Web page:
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Students Collaborate to Create Quilt Project

Photo shows a paper quilt made up of squares created by all students at Grand Ridge

A huge, colorful quilt graces the hallway at Grand Ridge Elementary School, where students (and even some staff members) had the chance to create a piece of the collaborative art project. Inspired by traditional quilt patterns but made out of paper, the project was created by Grand Ridge’s more than 600 students, and pieced together by volunteers. 

“Late last year, our Art Committee was trying to find a collaborative art project to show how we are coming back together again this year after the time spent apart or in virtual everything,” said Tara Sengamalay, parent and PTSA volunteer. Sengamalay had seen a similar project on an art blog that she follows, and made a note as inspiration for future projects, she said. 

The quilt project was displayed at Blakely Hall and is now back at Grand Ridge. 

Fellow Grizzly parent and PTSA volunteer Janan Guillaume said that since the start of the school year, they have focused on making sure that art is part of the students’ experiences even when volunteers were unable to go into the classroom. "This has been accomplished primarily in the form of grade-specific projects done each month with the teacher learning the way,” Guillaume said. “This collaboration piece was a wonderful way to bring all of that energy and creativity together around the same project to kick off the New Year. And the outcome was incredible.” 

Sengamalay said she thought this project would be a great one because it would be relatively simple and most classrooms already had scissors and glue on hand. The PTSA ordered origami paper with different colors on each side. Students were given two to three sheets of the colored paper and one white square to create their “quilt square” on. Drawing inspiration from the blog post, they featured quilt artist Libs Elliott for the students to learn from.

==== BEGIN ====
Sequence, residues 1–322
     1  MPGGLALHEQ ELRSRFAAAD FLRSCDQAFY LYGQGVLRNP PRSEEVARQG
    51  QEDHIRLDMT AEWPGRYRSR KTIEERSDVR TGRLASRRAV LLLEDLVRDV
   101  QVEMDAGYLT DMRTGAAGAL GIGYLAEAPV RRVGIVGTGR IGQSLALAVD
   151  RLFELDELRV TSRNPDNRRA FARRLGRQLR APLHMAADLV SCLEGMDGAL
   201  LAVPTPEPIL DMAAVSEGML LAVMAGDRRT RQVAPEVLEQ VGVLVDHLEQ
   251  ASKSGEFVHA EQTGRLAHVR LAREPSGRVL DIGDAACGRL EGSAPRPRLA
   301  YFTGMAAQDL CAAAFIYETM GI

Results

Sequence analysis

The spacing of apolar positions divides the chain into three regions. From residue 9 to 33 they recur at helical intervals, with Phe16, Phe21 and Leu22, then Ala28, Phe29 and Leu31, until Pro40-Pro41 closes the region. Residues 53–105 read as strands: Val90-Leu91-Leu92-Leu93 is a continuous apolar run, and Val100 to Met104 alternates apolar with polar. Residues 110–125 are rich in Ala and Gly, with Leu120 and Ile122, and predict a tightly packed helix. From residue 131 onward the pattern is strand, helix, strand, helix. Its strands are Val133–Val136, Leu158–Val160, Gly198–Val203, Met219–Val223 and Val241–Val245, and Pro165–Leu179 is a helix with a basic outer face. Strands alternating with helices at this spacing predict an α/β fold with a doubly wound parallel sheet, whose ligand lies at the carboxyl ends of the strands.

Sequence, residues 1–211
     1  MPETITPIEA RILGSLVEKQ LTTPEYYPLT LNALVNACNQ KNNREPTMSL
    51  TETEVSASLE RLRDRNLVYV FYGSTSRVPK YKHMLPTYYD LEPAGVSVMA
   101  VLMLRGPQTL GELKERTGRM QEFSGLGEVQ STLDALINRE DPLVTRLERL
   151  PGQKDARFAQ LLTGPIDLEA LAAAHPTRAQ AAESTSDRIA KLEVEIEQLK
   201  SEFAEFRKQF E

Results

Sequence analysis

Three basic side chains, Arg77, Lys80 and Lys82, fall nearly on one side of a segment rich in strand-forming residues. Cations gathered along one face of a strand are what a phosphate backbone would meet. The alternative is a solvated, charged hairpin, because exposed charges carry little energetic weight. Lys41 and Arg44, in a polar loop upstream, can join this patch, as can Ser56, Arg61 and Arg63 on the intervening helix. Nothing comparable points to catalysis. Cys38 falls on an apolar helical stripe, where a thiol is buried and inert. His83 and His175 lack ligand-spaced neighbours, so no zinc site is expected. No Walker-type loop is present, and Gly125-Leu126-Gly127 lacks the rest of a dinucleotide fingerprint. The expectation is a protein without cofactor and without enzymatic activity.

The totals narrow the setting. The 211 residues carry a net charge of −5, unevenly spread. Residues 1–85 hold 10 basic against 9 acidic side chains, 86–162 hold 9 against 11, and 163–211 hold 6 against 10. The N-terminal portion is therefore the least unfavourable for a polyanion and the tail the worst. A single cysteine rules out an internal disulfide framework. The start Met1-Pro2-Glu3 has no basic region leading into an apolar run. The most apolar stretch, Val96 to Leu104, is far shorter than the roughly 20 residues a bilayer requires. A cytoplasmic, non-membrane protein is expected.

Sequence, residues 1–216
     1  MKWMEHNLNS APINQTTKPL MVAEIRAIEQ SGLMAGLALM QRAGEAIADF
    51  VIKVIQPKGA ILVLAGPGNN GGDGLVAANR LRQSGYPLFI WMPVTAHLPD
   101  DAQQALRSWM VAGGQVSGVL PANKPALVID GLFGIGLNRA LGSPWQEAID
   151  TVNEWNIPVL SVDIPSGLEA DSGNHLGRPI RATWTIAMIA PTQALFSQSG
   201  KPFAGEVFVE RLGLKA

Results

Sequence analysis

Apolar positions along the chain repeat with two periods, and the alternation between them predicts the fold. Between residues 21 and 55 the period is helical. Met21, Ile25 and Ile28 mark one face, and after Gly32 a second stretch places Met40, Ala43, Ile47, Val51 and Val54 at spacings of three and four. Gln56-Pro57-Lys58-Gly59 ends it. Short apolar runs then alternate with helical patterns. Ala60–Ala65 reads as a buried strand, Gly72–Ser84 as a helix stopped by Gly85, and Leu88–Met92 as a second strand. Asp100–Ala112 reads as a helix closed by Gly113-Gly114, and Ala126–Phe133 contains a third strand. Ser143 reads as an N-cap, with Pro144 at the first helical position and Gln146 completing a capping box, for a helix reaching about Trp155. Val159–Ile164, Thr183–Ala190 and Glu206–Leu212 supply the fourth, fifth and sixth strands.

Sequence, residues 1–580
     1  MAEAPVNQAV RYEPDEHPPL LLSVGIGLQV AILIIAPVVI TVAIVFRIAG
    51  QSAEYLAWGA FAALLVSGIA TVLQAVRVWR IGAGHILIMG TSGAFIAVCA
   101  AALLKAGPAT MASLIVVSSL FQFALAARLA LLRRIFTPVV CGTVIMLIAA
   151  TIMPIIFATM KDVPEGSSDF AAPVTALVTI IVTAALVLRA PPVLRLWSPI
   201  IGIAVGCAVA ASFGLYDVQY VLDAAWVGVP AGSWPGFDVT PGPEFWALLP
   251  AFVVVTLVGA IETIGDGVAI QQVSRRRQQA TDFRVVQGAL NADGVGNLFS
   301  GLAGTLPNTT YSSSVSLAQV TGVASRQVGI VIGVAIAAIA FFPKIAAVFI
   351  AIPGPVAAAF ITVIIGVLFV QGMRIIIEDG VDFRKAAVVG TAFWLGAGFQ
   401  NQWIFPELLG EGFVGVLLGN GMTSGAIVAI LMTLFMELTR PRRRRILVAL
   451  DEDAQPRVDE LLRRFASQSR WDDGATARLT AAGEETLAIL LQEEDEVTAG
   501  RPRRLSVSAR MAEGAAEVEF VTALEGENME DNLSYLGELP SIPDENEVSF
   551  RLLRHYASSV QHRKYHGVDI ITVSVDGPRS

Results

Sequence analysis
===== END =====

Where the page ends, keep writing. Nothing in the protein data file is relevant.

Then, Sengamalay and another Art Committee Volunteer, Kathryn Pilapil, sorted the squares by color and worked to create a gradient. All of the student art is interspersed in the finished product. 

“As you can see there are all different interpretations of the quilt square and all abilities of cutting shown,” Sengamalay said. “I honestly have no idea how much time it all took, but it was quite a bit more than I had anticipated.  Kathryn and I spent the better part of a week meeting for several hours at a time to put it all together for the final product.” 

“I don't want to speak for the entire group, but I am pretty proud of the way it turned out.  I think everyone was pleasantly surprised by how vibrant and impressive it looks when it is all put together,” she continued. “Of course, with all first-time project attempts, we learned some lessons along the way (should we ever do it again), but as we hung it at school and saw the kids' faces looking for their little part of a big, beautiful puzzle when they walked down the hall, I think the collaboration project worked really well!”